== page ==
Browsing All posts tagged under »electronic rock«

Various Artists – Album Roundup

December 14, 2013

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My first exposure to Olds Sleeper was startling, and he’s yet to disappoint me, across four albums of his own and one collaboration with the beguiling Heidi Harris (not to mention the cigar-box guitar stuff he puts out as Jellyspine Jenkins). Using lo-fi production as a device to emphasise the pure materiality of his music-making, Olds Sleeper’s songwriting achieves a form of sincerity that can’t be contrived or dissembled; he gives voice to a particular form of American street-level experience, in a musical language precisely cognate with its cultural dialects. His songs speak from the soul of the alienated, hard- …

Mechanimal – Mechanimal (electronic rock)

November 15, 2013

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Produced amidst the collapse of Greek civil society and the evaporation of its economic certainties, Mechanimal looks outwards, fixing its gaze in particular on America and Germany as the source of its musical materials, and by implication (not to mention common consent) significant contributors to the social ills afflicting Mechanimal’s native shores. ‘America, America/ I’ve got your fucking blues’ intones vocalist Freddie F. in ‘Funny’, while the deadpan automated insincerity of the lines ‘You know/ I’m devastated by the way things turned out/ I’m really sorry’ occur in a song titled ‘Motorik’, a term for the characteristic…

Various Artists – Singles and EPs

September 26, 2013

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Cassette mushes everything up and squeezes it together; on top of the warm, lush distortions naturally imparted by magnetic tape, the whole stereo recording is crammed onto half of a tape less than four millimeters wide. It takes some clever mastering to get a really spacious, clearly separated soundfield, but if what you want is a totally integrated sound then the format does half the work for you. This, you may be thinking, says ‘punk’ in brackets after the title, so why am I not talking about the songs? Production and other technical matters are a means to an end at best where punk’s concerned…

Various Artists – Album Roundup

July 8, 2013

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Opening with an extended skit inspired by John Carpenter’s Darkstar, it’s obvious from the start that this Strange Gibberish mixtape is going to be heavy on the humour. It’s also heavy on the creativity and experimentation, with some of the beats straying well into avant-garde territory. It’s far too diverse for me to sum it up here, but the quality is consistently high; this is independent music, in every sense of the term, and most of the producers take a pretty freewheeling, eclectic approach to beat-making, while the lyrical themes are varied and unfettered. Although it’s often …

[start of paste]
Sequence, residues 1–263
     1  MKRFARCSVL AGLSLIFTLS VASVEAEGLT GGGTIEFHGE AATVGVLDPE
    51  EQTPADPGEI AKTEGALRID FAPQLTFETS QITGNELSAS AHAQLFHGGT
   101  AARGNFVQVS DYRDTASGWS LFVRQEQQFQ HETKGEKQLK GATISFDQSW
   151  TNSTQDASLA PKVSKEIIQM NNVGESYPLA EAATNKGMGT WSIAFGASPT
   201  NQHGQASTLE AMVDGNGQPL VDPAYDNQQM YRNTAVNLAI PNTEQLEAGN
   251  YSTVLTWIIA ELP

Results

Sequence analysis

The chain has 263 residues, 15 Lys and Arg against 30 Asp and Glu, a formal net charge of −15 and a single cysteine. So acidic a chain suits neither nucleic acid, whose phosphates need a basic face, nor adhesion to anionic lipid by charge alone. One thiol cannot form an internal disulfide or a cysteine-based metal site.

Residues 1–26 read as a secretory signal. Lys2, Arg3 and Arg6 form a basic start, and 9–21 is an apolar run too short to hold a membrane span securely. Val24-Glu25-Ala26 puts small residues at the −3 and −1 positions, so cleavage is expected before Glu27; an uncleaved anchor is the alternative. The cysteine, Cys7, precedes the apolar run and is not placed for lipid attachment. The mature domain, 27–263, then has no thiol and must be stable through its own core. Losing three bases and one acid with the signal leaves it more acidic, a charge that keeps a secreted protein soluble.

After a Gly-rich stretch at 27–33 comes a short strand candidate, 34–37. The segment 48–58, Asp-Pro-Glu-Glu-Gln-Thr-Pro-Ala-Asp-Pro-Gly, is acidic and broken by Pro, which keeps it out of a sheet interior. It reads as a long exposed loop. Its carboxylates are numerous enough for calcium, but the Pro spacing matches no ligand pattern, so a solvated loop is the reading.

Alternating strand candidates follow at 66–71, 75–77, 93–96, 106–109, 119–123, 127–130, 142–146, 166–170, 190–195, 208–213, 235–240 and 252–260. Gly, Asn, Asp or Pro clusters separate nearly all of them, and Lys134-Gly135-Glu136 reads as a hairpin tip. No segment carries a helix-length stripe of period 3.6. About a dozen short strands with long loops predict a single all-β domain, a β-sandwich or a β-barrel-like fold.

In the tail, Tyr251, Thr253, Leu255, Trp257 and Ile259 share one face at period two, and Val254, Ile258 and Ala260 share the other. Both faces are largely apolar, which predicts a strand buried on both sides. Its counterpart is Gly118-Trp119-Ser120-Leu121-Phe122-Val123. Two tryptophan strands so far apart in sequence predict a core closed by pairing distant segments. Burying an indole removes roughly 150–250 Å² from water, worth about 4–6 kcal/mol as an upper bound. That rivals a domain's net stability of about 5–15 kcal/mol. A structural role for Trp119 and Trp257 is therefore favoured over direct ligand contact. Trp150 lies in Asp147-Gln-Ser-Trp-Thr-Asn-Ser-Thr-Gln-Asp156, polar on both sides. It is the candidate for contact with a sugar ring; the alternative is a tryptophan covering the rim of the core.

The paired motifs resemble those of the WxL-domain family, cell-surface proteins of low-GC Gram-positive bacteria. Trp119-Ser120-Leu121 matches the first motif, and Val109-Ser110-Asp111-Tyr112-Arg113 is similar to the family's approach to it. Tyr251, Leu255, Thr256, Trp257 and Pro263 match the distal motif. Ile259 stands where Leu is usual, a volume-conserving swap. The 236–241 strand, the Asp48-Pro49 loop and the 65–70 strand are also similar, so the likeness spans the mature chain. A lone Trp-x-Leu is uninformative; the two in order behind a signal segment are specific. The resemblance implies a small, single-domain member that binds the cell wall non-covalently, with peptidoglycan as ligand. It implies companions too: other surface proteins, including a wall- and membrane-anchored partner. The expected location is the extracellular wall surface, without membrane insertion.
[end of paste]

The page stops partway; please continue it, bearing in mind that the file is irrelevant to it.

Various Artists – Album Roundup

June 27, 2012

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Being able to afford soap is the new bling. That’s not necessarily a satirical conceit most artists would consider hanging an entire album off, let alone their group identity, but BIG $OAP MON£Y CR£W are not ‘most artists’, and that’s exactly what they do. Not that this is overtly a concept album, despite its consistent use of all caps and currency symbols, but the identities adopted by its creators are maintained scrupulously throughout; it’s not pure comedy from start to finish, but WA$H YO FAC£!‘s unbroken satirical undertow betokens a refusal to take themselves too seriously, or to ape the street pomposity of the self-obsessed, machismo fetishising mainstream. This is funny, sometimes eye-wateringly so, and it pokes plenty of affectionate fun…

Dementio 13 – El Lissitzky (electronic post-rock)

June 12, 2012

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Composers of electronic music, if they wish to work with a relatively accessible aesthetic, face a particular set of challenges: to avoid a sense of impersonality, to make their music feel ‘human’, to make it breathe, when it may in fact move no physical air between the moment of composition and the moment of reproduction, requires the artist to attend consciously to aspects of the sound that occur automatically in acoustic performance. The uniformity of a repeated sound produced digitally in response to identical instructions is not completely compatible with the idea of music as an expression, as an act of affective communication; this characteristic of electronic music can be exploited as a positive (not just to evoke anomie), by addressing the …